Technology, Returns to Scale, and Education: Why Now Is The Time To Invest In Our Workers’ Coding and Math Skills
As a preview to the 2015 State of the Union address, President Obama announced a national initiative to offer free community college to students “if they earn good grades and stay on track to graduate.” I see this as good news. The strong relationship between earnings and educational attainment is well known, and given today’s increasingly competitive and globalized economy, investing in our human capital will give our workforce a much-needed edge in the world. Providing community college to Americans will have another, more direct benefit, as a new generation of students foregoes thousands, if not tens of thousands, of dollars in debt, and money that would otherwise have gone to paying student loans gets invested in the economy.
Assuming the measure survives Congress, this initiative presents a growth opportunity the likes of which not seen since the Industrial Revolution, but rather than a build-up of manufacturing, we have an opportunity to invest in our human capital by giving our workforce a set of productivity-enhancing skills in computing and math. Considering that the services industry accounts for 68% of US GDP, such an investment would present significant micro- and macro-economic benefits. From the tech boom of the 1990s, where technological change led to a substantial growth in productivity, to The Rise of Big Data, and its ability to bring insight from vast amounts of disaggregate information, history shows that the intersection of man, machine, and knowledge often produces newfound efficiencies and greater output.
And while computer and mathematical occupations will be among the top five in terms of growth by 2022 (up 18% from 2012), the question on my mind is, will American workers be prepared to meet the demand? By various measures, the answer seems to be no: research by the Brookings institution observed that “sub-bachelor’s STEM job openings take longer to fill than non-STEM jobs requiring a bachelor’s degree.” More to the point, the International Data Corporation reported that 1.7 million cloud-based jobs went unfilled in 2012 due to a lack of “training and certification among jobseekers.” If American workers are to meet this and future demand, education must be our top priority.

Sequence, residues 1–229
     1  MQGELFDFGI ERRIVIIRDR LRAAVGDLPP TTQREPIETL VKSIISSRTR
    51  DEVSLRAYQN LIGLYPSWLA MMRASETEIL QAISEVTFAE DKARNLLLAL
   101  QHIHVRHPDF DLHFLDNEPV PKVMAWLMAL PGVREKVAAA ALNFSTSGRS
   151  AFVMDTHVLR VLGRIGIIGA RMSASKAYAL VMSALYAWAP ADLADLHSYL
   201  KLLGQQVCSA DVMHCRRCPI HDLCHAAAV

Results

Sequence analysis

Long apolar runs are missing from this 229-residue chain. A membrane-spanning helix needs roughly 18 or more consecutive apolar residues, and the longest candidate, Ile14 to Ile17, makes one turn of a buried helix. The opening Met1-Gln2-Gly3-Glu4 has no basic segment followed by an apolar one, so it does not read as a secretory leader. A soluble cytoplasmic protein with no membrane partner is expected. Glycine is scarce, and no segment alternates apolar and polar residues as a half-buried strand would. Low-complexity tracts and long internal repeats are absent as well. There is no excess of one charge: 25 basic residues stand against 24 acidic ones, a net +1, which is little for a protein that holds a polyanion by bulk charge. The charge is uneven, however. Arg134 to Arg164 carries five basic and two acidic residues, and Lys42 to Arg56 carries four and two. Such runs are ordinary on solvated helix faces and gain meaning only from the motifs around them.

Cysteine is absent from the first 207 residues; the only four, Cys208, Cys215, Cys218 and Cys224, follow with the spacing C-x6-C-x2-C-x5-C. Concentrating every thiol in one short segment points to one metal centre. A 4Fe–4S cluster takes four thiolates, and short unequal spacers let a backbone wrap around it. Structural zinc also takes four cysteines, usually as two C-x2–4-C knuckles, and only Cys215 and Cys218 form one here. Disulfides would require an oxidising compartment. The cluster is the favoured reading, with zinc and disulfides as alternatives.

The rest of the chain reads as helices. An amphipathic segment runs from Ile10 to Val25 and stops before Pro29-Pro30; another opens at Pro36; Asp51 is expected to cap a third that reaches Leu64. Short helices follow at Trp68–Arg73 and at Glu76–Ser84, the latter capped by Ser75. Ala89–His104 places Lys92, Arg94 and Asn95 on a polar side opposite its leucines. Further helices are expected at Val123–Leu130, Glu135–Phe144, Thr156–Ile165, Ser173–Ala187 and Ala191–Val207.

Arming workers with quantitative and programming skills would have the added benefit of democratizing what has usually been the business of a few giants in the private sector: IBM, for example, has all but abandoned the PC and server retail business, focusing instead on business consulting, using technology to optimize the operations of its clients. Though consulting firms often do great work, hiring big name firms to improve business processes may not always be right for firms that need to innovate often. An IBM consultant may run a firm anywhere between $26 to nearly $300/hour. In addition, deliverables may be subject to licensing agreements. Considering that consulting solutions are but a point in a vector, firms facing constant change need the organic capacity to adjust, and a smart workforce at the front lines of business operations offers that flexibility.
One particular criticism of the President’s initiative has been, “where will the money come from?” There is no such thing as a free lunch, opponents say, and I suppose they’re right. I support community college for all, not on political grounds, but for the sake of our economic prosperity. I encourage opponents of this proposal to become familiar with another concept: opportunity cost. When we refuse to even invest in our education, what are we really giving up? For the opportunity to educate millions of Americans, to make them more competitive workers, and boost our own productivity, what better use could we give to 60 billion dollars? A month in Iraq? 15% of the entire Joint Strike Fighter program?
Originally published at frankrcastillo.tumblr.com.